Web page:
When I did finally declare a Media Studies major, I relished the freedom it offered, allowing me to not only take classes about television and media analysis, but film classes, women & gender studies classes, and even classes offered within the department on marketing and communications. I could try my hand at different courses of study and fields even from within my degree plan! The department encouraged taking internships for credit – and so I did. I interned at Film Forum and got to learn firsthand how a film theatre office works behind-the-screens (got to watch a lot of movies too). I started working part-time at The Paley Center for Media that year as well, a non-profit media center formerly known as the Museum of Television and Radio. These opportunities were my off campus introductory courses in how different workplaces could function. After the semester long internship with Film Forum was over, everyone told me to keep interning, to keep finding what I did and didn’t like out of a workplace. Instead, I listened to myself and chose to turn inward, back to my college community, back to Hunter. The next semester, I got involved with The Office of the Arts as an Arts Ambassador, drawn to having further access to exploring the different fields that make up the large looming overarching term of “the arts.” Previous anxieties about not being allowed to fit any more art history or theatre courses in my schedule were calmed: I could learn from my peers. Arts Ambassadors get to propose and lead “Go with OOA” events to arts and cultural institutions across the five boroughs. We get to attend shows, openings, events and cover them for the blog to report back to the Hunter community on how it went. There is no restriction of art form or medium: we’re allowed not only to explore, but to share the process of exploration and discovery with our college community.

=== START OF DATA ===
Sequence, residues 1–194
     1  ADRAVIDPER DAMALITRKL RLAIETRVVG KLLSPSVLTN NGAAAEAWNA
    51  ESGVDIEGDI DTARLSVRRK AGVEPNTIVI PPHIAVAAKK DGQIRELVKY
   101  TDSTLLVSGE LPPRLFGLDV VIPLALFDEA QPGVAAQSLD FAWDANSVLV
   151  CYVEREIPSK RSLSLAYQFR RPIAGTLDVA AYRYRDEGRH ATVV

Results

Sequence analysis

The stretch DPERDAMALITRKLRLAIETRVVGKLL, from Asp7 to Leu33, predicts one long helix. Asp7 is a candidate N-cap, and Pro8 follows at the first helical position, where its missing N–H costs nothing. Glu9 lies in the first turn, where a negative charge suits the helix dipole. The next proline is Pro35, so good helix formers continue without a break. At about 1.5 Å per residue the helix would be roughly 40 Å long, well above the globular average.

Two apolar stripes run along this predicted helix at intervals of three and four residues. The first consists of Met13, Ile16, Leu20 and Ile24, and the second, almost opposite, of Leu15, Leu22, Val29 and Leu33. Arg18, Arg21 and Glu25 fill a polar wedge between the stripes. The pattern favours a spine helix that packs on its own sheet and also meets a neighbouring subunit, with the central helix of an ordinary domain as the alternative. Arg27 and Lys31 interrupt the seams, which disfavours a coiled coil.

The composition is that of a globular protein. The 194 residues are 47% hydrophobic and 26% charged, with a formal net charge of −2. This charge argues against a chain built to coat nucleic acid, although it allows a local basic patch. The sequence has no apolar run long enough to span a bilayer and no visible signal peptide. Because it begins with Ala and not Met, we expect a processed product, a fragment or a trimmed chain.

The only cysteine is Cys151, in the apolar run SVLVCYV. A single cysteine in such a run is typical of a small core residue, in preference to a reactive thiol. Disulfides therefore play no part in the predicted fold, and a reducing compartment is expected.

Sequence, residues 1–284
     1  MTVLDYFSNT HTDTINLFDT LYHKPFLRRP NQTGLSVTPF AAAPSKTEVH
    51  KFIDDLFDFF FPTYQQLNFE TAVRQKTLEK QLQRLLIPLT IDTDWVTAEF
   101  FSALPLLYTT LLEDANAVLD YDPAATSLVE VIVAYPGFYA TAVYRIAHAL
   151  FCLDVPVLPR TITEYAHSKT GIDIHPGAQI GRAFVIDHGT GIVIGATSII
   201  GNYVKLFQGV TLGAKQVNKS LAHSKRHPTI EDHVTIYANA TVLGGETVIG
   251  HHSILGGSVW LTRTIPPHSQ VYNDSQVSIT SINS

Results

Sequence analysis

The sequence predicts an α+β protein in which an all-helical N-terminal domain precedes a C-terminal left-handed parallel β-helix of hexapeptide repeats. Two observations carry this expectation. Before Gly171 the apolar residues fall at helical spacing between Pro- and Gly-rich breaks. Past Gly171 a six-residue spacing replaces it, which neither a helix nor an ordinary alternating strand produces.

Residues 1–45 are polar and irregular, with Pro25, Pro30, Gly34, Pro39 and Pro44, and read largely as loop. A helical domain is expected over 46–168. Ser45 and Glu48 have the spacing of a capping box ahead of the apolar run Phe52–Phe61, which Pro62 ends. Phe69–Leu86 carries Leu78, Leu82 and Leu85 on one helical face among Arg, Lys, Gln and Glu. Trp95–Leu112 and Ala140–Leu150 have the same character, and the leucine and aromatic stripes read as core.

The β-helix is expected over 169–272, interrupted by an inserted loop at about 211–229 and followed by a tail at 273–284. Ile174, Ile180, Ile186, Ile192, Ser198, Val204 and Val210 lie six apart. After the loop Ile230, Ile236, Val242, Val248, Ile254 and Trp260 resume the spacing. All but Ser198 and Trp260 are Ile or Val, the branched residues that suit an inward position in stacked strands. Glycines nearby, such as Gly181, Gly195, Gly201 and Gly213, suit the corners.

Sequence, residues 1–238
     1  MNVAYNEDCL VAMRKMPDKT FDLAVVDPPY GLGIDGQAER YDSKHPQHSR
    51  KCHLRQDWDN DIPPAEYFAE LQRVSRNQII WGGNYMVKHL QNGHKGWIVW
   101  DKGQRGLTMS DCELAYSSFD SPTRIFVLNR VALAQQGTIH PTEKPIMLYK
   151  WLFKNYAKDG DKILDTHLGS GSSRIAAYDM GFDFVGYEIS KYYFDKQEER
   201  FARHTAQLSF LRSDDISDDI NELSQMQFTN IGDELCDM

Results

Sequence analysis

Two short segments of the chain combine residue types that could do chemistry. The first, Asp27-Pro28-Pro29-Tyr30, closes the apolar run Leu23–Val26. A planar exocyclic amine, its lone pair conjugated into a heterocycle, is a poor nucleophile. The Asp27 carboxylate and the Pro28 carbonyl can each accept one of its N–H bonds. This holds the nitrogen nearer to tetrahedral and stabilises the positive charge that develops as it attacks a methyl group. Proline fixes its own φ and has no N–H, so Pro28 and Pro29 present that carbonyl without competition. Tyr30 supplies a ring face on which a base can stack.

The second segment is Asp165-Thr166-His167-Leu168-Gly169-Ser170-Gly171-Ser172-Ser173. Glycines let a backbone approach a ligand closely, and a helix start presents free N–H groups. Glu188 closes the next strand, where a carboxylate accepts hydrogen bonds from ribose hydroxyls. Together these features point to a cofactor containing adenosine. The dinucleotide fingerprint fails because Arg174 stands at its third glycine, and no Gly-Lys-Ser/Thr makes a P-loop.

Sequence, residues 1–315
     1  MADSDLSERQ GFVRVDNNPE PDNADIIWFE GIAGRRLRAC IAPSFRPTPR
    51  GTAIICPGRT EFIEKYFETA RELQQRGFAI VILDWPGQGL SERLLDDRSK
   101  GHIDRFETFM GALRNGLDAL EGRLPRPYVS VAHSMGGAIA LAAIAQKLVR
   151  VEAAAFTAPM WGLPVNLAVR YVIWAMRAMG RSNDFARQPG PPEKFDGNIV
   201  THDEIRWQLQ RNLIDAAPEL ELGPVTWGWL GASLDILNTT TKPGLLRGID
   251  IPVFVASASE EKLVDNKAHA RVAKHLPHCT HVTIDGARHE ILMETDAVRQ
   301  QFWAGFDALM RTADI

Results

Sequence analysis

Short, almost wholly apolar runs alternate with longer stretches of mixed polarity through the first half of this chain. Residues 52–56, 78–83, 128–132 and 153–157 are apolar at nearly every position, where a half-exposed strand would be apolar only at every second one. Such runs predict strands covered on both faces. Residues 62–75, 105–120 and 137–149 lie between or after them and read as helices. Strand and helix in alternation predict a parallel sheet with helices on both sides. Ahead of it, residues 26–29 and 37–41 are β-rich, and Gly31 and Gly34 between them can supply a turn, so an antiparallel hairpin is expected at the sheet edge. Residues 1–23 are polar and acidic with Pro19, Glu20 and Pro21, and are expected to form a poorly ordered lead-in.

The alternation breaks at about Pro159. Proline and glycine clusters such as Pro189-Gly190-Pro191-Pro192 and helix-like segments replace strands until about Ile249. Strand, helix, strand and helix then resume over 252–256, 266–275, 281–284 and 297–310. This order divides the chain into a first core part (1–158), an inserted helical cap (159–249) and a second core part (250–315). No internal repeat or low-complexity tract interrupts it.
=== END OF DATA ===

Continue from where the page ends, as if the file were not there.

Through Arts Ambassadors and The Office of the Arts, I was alerted of the Arts Management and Leadership Certificate. Taking courses on the administrative side of the art world felt like a great fit to prepare me for a professional future. And through a rising interest in the film industry and contacts from the previous internship (and diligently checking the OOA and NYFA job boards, let’s be real), I landed another internship focused on film. At Icarus Films, a film distribution company based in Downtown Brooklyn, not only did I get another chance to learn about workplace dynamics, but I was introduced to the process of how a film gets to an audience. From working on publicity emails to press research to compiling metadata to social media posting – some tasks creative and fascinating, others meticulous and tedious, but all in effort to get important, impactful, and artful films viewership. The most memorable project I worked on was press outreach for the American theatrical release of the restored print of Jacqueline Audry’s Olivia (1950). What made the process so exciting was that I was trusted to do the actual research and reaching out to press and we received many an enthusiastic response from film writers and reviewers. Having a direct hand, albeit a small one, in the promoting of a film, and especially one that has a spot in queer cinema history, sparked a dedicated interest. Aha! A discovery was made. Reflecting on the experience, I found myself finally figuring out where my exploration in the arts was taking me.
From a casual lover of movies to a student in the Introduction to Film course to an intern at Film Forum and Icarus Films, I was aware of the impact cinema could have and its powers to induce emotion, prompt discussion, and then to create lasting change, of all sorts, through these actions. I knew I wanted to be a part of this. The dedicated interest in film distribution continued to develop as I designed and completed an independent study specifically to study the process. I grew as a writer and thinker under the care and critiques of my independent study professor as I wrote papers on film festivals, streaming services, and the rapidly changing film industry. Thinking back to freshman year me, whose legs would shake and head would spin at the thought of committing to only one of my many interests, I feel grateful that I let myself be lost. I am glad that I had time to explore. All those introductory courses, all the projects and events as an Arts Ambassador, all the tasks, however small or big, at my internships and part-time work, allowed me to confidently find a path, now graduating Class of 2020. And even with this discovery of a path I am interested in venturing down, the exploration in the arts doesn’t end! I’m constantly learning along the way.